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Welcome to "THE VERDICT: Australia 2016" homepage, hosted here at! Here you will find information regarding the election that has been called for July 2, 2016 to constitute the 45th Parliament of Australia. Unlike most elections, this upcoming election is a double dissolution election, in which the entire Australian Senate (all twelve seats from each state, and both seats in each of the Northern Territory and Australian Capital Territory for a total of 76 seats) as well as the entire House of Representatives (150 seats) are up for election. This is in contrast to a standard election, which has the entire House and only half of the seats in each state (6) and the four territory senators up for election in the Senate, provided that all timeframes are met so as not to desynchronize the election process.

So, how does a
double dissolution election take place? A double dissolution election may be called by the Prime Minister upon formal advice to the Governor-General if (a) at least six months remain in the parliamentary term, (b) The House has passed a bill that the Senate has either amended to render unacceptable to the House for passage to the Governor-General for Royal Assent (final approval) or has outright rejected the bill and (c) after a three month period, the House has passed the same bill, and the Senate effectively takes the same action as before. This in turn creates a trigger that the Prime Minister may include in advice to the Governor General to call an election upon the grounds of Section 57 of the Australian Constitution. This does not mean the Prime Minister has to call for a double dissolution, it merely means they have the ability to. The ability is lost however, if there is less than six months remaining in a parliamentary term.

How many Double Dissolution elections has Australia had? Despite the propensity for double dissolution elections to occur (thanks in large part to a Senate that is rarely under majority control of any one party), double dissolution elections have been called just six times prior to this election (2016 makes it seven). The batting average for governments is three wins, two losses, and one election that is a technical win for the Fraser Coalition government in 1975 due to the Constitutional crisis that year that saw the Governor-General (Sir John Kerr) dismiss the last elected Prime Minister, Gough Whitlam.

So, how did we get to this election? In 2013, the ALP (Australian Labor Party) government lead by Julia Gillard was heading for electoral oblivion. Internal party discord (thanks to a failed leadership challenge by Kevin Rudd in 2012 and a leadership challenge in March 2013 that fizzled before the vote) left voters dissatisfied. In addition, the carbon tax and mining tax schemes as well as the asylum seeker policy also fueled voter discontent. In June 2013, Kevin Rudd mounted a second challenge for the leadership versus Julia Gillard that was successful in returning him to the post of Prime Minister. For a time, voters began to warm back to the ALP, and it appeared the country was heading for a knife edge election for a second straight electoral cycle. This was not to be, as Tony Abbott lead the Coalition (consisting of the Liberal Party of Australia, National Party of Australia, Liberal National Party of Queensland and Country Liberals of the Northern Territory) to a strong victory, seemingly almost without a hitch. That was, until a thousand ballot papers were lost in Western Australia (WA) in pertinence to the six Senate seats up for election there. After a thorough investigation, the Court of Disputed Returns voided the Senate result in WA and called a special Senate half-election for those six seats, which were filled in time for the Senators to take their seats as proscribed in the Constitution on July 1.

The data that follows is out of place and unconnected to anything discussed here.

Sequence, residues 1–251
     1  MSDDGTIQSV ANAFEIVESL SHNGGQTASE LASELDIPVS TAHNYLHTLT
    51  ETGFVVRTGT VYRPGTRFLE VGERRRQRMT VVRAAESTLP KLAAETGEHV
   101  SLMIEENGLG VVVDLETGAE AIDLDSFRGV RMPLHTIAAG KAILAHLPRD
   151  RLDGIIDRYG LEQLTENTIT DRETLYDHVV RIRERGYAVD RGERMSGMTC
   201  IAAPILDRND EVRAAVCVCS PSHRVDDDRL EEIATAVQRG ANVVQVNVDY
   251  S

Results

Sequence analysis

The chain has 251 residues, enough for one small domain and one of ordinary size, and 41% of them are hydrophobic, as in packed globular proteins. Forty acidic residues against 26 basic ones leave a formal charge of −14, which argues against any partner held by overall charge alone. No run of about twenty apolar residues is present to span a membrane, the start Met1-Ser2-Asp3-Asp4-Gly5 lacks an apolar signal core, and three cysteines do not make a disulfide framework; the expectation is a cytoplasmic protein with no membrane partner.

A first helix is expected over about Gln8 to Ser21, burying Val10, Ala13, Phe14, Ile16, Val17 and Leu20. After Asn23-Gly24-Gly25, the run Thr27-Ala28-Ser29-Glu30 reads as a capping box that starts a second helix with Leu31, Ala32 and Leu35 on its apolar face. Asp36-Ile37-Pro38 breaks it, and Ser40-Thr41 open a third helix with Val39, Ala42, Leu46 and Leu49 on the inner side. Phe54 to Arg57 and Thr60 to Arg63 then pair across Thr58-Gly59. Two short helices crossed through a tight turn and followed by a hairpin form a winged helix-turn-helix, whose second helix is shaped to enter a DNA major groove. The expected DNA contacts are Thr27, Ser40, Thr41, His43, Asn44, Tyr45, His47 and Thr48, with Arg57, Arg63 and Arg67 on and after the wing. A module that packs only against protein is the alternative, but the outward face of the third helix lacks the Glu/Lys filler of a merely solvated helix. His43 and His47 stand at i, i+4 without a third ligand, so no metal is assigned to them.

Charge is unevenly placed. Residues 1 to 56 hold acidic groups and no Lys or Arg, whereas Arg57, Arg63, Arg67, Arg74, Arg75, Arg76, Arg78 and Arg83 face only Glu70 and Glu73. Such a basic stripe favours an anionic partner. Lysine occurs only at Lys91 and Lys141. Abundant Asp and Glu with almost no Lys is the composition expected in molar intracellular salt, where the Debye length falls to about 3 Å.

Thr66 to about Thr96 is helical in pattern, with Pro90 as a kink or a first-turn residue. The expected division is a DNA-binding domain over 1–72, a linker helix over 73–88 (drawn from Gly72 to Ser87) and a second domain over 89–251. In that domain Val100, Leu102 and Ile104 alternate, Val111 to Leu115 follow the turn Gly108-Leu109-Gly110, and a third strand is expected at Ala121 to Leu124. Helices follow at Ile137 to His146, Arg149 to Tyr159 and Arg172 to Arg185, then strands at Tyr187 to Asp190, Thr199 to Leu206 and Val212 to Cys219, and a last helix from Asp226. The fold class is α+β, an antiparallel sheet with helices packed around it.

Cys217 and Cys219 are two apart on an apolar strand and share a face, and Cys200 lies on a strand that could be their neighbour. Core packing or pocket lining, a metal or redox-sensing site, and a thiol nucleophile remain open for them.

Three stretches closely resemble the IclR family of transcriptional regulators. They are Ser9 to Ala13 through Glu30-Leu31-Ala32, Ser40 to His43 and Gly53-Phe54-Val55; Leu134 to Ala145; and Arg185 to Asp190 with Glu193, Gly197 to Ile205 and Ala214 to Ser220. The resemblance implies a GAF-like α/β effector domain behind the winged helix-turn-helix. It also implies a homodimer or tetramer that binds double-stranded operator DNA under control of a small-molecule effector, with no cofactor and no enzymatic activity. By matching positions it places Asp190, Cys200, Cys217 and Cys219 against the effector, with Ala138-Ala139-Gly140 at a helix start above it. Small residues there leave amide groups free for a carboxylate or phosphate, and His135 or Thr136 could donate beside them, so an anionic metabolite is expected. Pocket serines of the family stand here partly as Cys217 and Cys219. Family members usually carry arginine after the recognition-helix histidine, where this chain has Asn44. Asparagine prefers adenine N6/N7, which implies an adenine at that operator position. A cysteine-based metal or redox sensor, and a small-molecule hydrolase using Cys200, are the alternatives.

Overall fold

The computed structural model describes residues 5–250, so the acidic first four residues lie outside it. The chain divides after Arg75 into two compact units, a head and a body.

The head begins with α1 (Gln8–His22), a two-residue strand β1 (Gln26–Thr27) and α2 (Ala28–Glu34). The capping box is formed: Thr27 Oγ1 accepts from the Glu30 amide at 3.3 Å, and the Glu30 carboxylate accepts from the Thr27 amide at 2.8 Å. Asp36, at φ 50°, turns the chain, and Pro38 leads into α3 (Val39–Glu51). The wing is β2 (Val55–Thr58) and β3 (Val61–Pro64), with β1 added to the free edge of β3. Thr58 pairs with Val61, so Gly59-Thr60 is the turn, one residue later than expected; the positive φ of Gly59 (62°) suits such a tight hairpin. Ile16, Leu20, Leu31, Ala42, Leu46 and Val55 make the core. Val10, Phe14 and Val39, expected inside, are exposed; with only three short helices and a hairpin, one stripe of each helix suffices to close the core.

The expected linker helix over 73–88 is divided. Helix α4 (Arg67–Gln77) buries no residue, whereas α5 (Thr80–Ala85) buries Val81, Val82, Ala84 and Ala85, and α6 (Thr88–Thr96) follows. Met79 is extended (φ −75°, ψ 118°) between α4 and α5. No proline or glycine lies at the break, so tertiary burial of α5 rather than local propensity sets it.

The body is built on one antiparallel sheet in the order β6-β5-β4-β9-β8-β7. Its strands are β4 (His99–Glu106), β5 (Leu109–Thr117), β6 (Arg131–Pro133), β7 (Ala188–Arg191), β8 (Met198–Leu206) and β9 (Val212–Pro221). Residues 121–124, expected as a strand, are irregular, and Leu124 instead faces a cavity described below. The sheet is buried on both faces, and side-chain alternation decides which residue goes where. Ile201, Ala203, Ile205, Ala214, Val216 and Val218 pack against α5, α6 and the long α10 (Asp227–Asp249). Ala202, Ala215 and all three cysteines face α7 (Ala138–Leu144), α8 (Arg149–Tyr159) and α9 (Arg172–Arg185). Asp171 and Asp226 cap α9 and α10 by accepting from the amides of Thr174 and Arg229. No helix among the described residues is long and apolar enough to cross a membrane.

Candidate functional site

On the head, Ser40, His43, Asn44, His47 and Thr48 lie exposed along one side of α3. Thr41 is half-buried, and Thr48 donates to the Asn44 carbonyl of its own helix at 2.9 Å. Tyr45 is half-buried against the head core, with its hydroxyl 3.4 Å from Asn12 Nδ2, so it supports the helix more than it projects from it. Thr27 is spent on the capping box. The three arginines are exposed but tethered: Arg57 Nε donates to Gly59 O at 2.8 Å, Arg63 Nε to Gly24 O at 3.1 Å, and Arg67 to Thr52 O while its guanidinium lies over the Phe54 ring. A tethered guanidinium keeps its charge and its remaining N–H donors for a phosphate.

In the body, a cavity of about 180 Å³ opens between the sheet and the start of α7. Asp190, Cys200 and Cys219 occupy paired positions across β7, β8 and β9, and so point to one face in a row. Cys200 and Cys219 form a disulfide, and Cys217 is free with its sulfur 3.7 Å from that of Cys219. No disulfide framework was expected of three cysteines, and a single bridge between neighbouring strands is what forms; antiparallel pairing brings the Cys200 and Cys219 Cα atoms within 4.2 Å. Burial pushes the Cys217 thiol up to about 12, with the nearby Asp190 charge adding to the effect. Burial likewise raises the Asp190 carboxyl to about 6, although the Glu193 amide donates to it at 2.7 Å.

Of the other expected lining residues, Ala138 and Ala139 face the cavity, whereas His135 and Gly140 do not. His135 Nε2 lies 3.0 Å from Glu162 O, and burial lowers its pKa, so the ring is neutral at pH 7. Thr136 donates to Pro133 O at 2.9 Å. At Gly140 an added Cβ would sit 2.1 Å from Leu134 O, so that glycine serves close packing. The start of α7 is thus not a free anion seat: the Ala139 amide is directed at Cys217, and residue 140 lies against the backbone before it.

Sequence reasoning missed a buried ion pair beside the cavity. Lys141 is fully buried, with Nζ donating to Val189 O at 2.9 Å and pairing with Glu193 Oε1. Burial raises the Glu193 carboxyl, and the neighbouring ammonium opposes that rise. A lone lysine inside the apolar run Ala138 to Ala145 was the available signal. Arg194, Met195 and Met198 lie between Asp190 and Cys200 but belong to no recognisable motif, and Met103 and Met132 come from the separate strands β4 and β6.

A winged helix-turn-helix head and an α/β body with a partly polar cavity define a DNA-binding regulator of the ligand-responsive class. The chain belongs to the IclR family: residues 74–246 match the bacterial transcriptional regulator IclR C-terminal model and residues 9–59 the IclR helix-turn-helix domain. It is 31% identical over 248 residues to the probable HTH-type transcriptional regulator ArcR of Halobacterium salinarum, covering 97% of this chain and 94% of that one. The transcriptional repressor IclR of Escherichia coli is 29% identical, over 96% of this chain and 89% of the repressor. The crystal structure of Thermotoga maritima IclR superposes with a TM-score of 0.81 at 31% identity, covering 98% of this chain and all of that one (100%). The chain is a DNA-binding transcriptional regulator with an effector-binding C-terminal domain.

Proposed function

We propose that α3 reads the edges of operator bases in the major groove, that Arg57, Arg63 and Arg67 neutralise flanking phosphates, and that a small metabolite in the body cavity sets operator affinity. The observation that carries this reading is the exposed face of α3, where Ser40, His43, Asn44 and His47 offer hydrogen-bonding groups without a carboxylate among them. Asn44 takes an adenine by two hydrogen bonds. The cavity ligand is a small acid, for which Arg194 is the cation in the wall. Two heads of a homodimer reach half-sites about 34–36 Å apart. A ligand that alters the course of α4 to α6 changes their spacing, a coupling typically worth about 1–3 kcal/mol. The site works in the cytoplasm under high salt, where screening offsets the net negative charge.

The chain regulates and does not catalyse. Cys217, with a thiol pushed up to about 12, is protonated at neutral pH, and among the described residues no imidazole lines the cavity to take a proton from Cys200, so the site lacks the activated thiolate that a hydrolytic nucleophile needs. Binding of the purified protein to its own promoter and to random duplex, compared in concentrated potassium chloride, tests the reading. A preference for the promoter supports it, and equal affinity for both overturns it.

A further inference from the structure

As for the Coalition Government, the polls were initially supportive of Tony Abbott, especially as Labor scrambled to elect a new leader (through a membership vote weighted equally with the parliamentary caucus vote). Even as Labor elected Bill Shorten, the Coalition continued to enjoy small leads, alternating with Labor leads in the polls. But as the honeymoon period faded, so did Abbott's lead, and eventually the Labor Party, despite losing seventeen seats in 2013 gained a consistent and strong lead. A warning shot signal to Tony Abbott's leadership appeared in February 2015 in the form of a failed Leadership spill motion that would have triggered a leadership election for the Liberal Party of Australia (and as the senior party of the Coalition, a potential change in the Prime Minister position). Despite Tony Abbott prevailing (and somewhat chastened by the attempt), polls continued to show the voting populace dour attitude to the ruling Coalition. By September 2015, the bad polls and the potential of losing an otherwise fairly safe seat in a by-election in Western Australia were too much for the Liberal Party and the Coalition. Malcolm Trumbull routed Tony Abbott for the leadership, and thus became Prime Minister as a result. The voters responded positively to Turnbull's leadership, at least for a time. But as 2015 turned into 2016, the Turnbull government found the voter population getting impatient. In addition, the Senate created no fewer than four triggers during the parlimentary term for a potential double dissolution. Sensing there was no better alternative to call the election, Turnbull cited three of the four trigger bills for calling for a double dissolution election, his advice was accepted, and the 2016 Election is now underway, with the voters rendering a verdict on the Turnbull government on July 2, 2016.
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